An abstract strategy game. It has been described as "like chess, but better". You can learn more about it here.
Mage Wars Academy
I've talked about this in a previous post, but it bears repeating that this game is amazing and I highly recommend it to anyone who's itching for some card-based fantasy combat at an affordable price without luck of the draw. You can learn more about it here
Best to divide the book into three or six parts, since it's pretty long. I prefer to divide it into three parts. It's one of my favorite novels. I even wrote some inside cover fan blurbs for it:
Part I: Observation (chapters 1-37)
There is something different about Harry James Potter-Evans-Verres, and it's not just that he's a wizard. Raised by his doting aunt Petunia and her husband, an Oxford biochemistry professor named Michael, Harry learned the ways of science and rationality. So when Magic comes barreling in to upend Harry's tidy worldview, he does the only sensible thing: throws out his priors, rolls up his sleeves, and starts investigating. His investigation takes him to Hogwarts—the most prestigious magical school in the world, where a dark power is plotting in the shadows...
Part 2: Calculation (chapters 38-85)
Harry James Potter-Evans-Verres is back, and this time he's in way over his head. After an unusual confrontation with a dementor, the most terrible of all dark magical creatures, Professor Quirrinus Quirrel decides to recruit him for a dangerous and treasonous mission: to break an innocent convict out of the unbreakable fortress Azkaban, British Wizarding Prison.
Meanwhile, some of the children of powerful magical nobility are terrorizing their weaker classmates at Hogwarts, while the teachers do nothing to stop it for fear of legal reprisal.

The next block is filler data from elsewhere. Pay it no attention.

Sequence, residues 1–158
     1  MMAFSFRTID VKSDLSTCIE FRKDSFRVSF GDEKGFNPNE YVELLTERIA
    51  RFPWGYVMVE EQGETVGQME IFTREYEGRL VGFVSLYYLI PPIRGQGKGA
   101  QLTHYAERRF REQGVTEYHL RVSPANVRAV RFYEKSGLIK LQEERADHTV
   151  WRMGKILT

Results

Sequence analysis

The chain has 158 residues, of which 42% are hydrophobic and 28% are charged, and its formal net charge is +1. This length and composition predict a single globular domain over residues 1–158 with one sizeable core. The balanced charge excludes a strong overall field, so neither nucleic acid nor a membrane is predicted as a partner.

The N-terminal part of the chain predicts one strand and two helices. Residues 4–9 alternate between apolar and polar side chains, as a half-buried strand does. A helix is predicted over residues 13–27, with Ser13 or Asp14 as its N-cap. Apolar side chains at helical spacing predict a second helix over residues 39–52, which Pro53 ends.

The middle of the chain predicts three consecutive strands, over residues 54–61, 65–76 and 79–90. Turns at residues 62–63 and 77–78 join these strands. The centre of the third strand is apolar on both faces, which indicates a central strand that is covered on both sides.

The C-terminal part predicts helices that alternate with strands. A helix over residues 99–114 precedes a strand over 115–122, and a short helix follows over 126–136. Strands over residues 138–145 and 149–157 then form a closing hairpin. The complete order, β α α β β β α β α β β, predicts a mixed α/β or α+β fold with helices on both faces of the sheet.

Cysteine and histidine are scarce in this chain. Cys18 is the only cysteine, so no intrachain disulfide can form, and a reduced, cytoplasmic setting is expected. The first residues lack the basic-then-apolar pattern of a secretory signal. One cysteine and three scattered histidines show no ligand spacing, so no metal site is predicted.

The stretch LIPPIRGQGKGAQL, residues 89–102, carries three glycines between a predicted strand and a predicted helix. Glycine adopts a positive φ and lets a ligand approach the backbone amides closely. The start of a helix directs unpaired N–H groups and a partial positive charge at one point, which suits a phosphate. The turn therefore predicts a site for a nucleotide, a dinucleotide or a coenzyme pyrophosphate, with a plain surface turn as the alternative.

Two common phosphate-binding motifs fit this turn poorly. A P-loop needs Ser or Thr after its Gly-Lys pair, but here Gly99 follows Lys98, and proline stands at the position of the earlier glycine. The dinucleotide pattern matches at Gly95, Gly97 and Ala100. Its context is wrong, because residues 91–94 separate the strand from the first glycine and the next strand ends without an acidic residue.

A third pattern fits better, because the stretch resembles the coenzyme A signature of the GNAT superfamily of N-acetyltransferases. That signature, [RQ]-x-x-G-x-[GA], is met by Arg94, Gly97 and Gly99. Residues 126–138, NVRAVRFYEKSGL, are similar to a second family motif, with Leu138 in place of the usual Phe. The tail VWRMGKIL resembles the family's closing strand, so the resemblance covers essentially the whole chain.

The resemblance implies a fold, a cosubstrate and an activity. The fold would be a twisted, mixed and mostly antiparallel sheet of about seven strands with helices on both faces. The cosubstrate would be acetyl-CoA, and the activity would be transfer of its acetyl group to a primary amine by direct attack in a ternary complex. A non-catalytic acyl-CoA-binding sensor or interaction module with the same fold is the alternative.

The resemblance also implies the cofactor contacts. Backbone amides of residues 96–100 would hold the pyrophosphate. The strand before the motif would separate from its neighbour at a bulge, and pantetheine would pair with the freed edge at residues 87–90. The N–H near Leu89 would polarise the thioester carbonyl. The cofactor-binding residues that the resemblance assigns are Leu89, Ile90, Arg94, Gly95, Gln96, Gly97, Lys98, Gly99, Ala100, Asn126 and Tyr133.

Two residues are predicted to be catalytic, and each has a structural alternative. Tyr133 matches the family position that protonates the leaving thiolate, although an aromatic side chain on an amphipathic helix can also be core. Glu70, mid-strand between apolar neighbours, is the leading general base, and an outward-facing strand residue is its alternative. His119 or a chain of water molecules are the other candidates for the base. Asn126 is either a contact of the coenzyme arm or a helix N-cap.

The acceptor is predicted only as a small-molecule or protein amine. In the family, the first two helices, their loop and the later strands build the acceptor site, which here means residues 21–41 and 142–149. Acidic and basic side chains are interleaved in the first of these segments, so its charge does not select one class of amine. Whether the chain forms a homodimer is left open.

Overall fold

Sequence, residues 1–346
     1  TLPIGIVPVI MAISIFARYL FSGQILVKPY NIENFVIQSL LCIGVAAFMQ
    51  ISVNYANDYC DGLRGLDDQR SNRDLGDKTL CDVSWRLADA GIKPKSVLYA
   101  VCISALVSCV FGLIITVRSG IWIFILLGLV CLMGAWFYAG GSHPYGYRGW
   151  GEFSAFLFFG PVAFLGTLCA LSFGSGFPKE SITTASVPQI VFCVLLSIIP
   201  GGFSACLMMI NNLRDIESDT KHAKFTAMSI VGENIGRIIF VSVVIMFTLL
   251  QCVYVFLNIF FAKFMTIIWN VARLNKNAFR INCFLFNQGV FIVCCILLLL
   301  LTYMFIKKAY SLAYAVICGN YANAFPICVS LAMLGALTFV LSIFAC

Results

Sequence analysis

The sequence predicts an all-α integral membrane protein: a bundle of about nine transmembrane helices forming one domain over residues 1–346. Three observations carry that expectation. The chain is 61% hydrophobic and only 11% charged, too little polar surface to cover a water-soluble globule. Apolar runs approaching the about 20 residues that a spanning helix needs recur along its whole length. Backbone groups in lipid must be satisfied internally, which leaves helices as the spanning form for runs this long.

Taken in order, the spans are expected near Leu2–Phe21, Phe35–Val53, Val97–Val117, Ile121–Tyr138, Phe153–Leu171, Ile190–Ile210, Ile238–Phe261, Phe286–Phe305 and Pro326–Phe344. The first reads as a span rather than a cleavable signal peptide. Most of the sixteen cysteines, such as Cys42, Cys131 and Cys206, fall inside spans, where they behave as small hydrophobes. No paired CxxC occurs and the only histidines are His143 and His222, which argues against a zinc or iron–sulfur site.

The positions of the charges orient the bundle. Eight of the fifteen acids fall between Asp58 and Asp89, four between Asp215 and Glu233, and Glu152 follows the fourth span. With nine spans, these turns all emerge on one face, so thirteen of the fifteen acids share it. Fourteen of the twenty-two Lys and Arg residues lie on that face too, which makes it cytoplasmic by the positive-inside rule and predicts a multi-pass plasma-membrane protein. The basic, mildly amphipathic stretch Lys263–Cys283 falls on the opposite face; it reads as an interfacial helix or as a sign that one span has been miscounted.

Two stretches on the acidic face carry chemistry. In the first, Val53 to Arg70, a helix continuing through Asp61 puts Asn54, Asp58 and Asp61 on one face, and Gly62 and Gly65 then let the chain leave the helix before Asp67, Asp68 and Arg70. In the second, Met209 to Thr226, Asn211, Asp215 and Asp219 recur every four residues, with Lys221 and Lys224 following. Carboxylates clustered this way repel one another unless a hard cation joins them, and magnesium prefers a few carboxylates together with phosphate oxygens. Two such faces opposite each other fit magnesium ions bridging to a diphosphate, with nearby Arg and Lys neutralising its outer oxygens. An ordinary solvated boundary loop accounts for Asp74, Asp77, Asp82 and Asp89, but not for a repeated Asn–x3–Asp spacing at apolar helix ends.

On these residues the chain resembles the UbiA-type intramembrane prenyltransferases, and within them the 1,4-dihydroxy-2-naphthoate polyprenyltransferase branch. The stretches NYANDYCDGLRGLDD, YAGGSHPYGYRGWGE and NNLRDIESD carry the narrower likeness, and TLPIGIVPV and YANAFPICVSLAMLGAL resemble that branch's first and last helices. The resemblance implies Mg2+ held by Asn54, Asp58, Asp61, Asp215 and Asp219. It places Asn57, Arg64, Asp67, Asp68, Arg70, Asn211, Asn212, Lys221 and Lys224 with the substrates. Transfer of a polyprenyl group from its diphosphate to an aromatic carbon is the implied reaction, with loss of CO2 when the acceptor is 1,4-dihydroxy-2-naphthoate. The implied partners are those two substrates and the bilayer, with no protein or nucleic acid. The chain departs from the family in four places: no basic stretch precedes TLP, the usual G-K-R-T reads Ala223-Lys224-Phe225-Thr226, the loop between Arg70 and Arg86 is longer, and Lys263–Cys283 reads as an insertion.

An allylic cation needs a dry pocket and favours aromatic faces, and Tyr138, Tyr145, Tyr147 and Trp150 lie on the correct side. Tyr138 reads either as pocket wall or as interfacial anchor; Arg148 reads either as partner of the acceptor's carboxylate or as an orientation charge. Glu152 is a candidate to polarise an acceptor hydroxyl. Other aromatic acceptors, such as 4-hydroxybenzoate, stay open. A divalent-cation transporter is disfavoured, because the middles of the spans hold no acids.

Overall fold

Up against the medieval government and traditions of magical Britain itself, can the Boy Who Lived and his friends survive?
Part 3: Calibration (chapters 86-122)
Harry James Potter-Evans-Verres, the Boy Who Lived, is in grave danger. Someone of unknown intent is plotting against him and targeting his friends. Hogwarts is no longer safe. As the school-year draws to a close, two enemy noble houses will become allies, one of Harry's closest friends will die, the fate of the world will hang in the balance, and the true mastermind behind it all will finally reveal himself. Can the Boy Who Lived solve the mystery in time? Can you?
"SFP follows the adventures of a young middle-class American with super-strength, invincibility and a crippling sense of social injustice." I love this webcomic. It is so EPIC. I usually don't like superhero stories, but this one is very good. I really loved the unmasking scene early on: "Am I the only one who's scared that people are looking to me for answers because I can lift a car over my head? This is crazy!" Classic.
"Enter the world of Pokémon from a rational perspective. Instead of starting his journey in ignorance, Red has spent his years studying the creatures so central to his world... and he doesn't quite agree with all the information in his books. No time for rookie mistakes here: he's on a quest to discover the true nature of Pokémon, and maybe even find out where they really come from." The world building in this is amazing. It even has an explanation about the ethics of Pokemon battles that actually makes sense, as well as an explanation for why Pokemon trainers leave their parents and go on their journeys at such an early age that makes sense (combination of culture and evolutionary pressures making humans mature faster).
This series is very good. It's a portal fantasy and a magical school story with a heck of a lot of very good world building. Also a decent number of intelligent characters and no one ever really holds the idiot ball. When smart characters do stupid things it happens naturally as a result of their own flaws or lack of necessary skills or knowledge, or because of mental illness such as that caused by practicing necromancy. The setting is pretty consistent and it's very interesting. It feels like a rather realistic take on what a medieval fantasy world with actual magic would be like. You don't need to start at the beginning of the series to understand what's going on, but it's better if you do because you get to see the main characters growing up.
Rationality: From AI to Zombies
A nonfiction text for learning rationality skills. It's quite fascinating and rather useful. Highly recommended.
Steven Universe: also highly recommended. I really liked the trial scene in one of the more recent episodes.
Shin Sekai Yori: this is really good, but I can't even say what the genre is without spoiling it...
Puela Magi Madoka Magica: very good. Deconstruction of the magical girl warrior genre that I really liked.